Rectanus: It starts with our commitment. We changed our name to Thrive Home Builders in 2015 to illustrate our mission to change the way homeowners think about their homes. We stock our home's pantry with healthy foods, stock the fridge with bottled water, and find a place for the exercise bike, yet the air we breathe doesn’t always enter our minds. We set out to change that.

Then we partnered with well-respected labeling programs like the EPA’s Indoor airPLUS program (IAP), Energy Star for Homes, LEED for Homes, and the Department of Energy’s Zero Energy Ready Home program. These programs are designed to help builders implement building science, water management, and healthy home practices to provide the best health, energy efficiency, and durability benefits to our homeowners.

And we changed our building practices. Every one of our homes has a ventilation system that brings outdoor air in. We have advanced moisture management practices to keep water outside of your home, reducing mold which is an asthma trigger.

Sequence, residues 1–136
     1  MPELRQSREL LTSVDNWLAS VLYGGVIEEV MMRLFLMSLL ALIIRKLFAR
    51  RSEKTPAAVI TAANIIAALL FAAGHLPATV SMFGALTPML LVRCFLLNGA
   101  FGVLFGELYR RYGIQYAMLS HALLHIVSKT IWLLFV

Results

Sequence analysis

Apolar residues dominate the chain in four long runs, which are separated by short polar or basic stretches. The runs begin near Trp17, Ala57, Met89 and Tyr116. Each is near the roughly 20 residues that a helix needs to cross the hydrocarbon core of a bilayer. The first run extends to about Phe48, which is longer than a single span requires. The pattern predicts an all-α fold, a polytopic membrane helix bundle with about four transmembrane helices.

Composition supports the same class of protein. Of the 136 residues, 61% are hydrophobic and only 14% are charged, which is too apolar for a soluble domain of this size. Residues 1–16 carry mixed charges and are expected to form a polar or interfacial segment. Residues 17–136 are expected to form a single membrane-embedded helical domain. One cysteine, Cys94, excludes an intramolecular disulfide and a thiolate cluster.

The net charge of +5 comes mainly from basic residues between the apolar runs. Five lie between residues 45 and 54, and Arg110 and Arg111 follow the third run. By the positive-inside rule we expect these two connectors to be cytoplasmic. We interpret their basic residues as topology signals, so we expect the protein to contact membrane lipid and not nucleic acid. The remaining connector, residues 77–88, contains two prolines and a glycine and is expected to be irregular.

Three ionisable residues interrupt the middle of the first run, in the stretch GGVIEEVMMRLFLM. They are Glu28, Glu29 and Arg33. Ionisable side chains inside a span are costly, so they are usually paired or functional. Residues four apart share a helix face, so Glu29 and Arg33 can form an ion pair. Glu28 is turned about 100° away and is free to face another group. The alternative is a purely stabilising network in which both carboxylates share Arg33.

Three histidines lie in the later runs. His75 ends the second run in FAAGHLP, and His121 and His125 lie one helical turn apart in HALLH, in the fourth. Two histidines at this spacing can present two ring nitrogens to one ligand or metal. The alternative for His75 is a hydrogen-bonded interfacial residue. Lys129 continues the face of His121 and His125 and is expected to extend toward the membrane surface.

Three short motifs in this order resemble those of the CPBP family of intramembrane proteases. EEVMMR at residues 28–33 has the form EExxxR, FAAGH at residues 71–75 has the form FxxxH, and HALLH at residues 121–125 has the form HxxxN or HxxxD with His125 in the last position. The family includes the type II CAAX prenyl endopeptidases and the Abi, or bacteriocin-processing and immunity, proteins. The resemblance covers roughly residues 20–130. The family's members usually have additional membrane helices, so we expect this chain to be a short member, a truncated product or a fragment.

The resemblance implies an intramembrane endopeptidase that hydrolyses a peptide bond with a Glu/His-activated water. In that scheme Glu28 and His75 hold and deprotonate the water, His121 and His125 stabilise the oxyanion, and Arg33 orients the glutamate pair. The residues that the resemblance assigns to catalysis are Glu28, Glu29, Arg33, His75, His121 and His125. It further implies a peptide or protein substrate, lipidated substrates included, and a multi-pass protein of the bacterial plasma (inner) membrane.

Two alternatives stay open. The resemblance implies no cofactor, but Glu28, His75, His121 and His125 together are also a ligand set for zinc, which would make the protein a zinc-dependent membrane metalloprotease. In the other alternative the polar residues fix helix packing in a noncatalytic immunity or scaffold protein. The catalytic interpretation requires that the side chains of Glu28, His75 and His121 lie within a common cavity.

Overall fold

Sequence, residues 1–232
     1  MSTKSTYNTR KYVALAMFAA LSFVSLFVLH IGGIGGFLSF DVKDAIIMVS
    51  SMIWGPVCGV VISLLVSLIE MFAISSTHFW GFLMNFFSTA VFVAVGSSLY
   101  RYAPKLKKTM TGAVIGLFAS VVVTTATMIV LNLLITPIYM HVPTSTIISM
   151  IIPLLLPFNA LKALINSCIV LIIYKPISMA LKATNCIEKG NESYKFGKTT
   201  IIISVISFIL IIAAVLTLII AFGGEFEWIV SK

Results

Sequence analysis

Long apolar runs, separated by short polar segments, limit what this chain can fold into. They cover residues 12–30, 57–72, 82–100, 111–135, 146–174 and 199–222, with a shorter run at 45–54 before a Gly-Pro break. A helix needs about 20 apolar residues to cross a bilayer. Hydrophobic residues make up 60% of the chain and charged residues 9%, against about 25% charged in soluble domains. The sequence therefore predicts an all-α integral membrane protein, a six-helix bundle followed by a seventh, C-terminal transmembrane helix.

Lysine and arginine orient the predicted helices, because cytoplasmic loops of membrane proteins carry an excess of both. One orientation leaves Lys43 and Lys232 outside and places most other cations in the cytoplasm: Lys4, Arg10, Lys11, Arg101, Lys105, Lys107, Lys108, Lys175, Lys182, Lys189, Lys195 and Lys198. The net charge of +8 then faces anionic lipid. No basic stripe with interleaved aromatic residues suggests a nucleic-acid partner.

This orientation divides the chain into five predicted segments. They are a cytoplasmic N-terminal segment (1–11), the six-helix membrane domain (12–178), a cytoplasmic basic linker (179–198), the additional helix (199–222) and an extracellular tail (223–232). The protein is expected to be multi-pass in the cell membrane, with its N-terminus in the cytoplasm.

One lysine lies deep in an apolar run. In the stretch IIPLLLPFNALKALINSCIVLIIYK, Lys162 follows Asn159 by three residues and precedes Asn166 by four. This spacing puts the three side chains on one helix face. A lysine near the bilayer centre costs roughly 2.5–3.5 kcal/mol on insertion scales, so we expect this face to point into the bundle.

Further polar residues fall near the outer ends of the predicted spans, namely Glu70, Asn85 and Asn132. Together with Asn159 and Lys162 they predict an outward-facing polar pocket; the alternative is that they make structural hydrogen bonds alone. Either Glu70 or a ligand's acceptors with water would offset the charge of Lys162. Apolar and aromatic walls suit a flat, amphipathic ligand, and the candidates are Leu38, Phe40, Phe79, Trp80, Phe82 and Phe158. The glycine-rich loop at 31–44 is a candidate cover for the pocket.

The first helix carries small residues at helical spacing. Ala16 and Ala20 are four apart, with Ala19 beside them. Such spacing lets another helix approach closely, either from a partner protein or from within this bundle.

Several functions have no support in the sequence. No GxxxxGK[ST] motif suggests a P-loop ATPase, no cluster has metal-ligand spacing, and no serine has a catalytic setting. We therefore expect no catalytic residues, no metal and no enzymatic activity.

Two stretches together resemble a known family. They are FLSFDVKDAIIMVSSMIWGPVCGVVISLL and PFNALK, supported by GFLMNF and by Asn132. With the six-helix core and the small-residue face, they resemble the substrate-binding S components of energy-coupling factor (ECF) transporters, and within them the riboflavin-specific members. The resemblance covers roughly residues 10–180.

Formaldehyde and harsh chemicals are released into the air by many common building materials and household products. So, we build using paints, carpets, and wood products that keep levels of these chemicals low.

BUILDER: Thrive has been an Indoor airPLUS Leader for five years, how did the company approach indoor air quality in the beginning?

Rectanus: We have been there since the beginning. Our team built one of the first EPA Indoor airPLUS homes in the country during its pilot program back in 2006. We maintained many of those program specifications in our homes for years until we committed to 100% participation with the program in 2013. Starting with a comprehensive and detailed program like IAP gave us the guidance and education to know we had the core principles of indoor air quality correct. From this partnership and continuing education, we were able to advance our specification levels even beyond the IAP program and know that we were making the best decisions for our homeowners.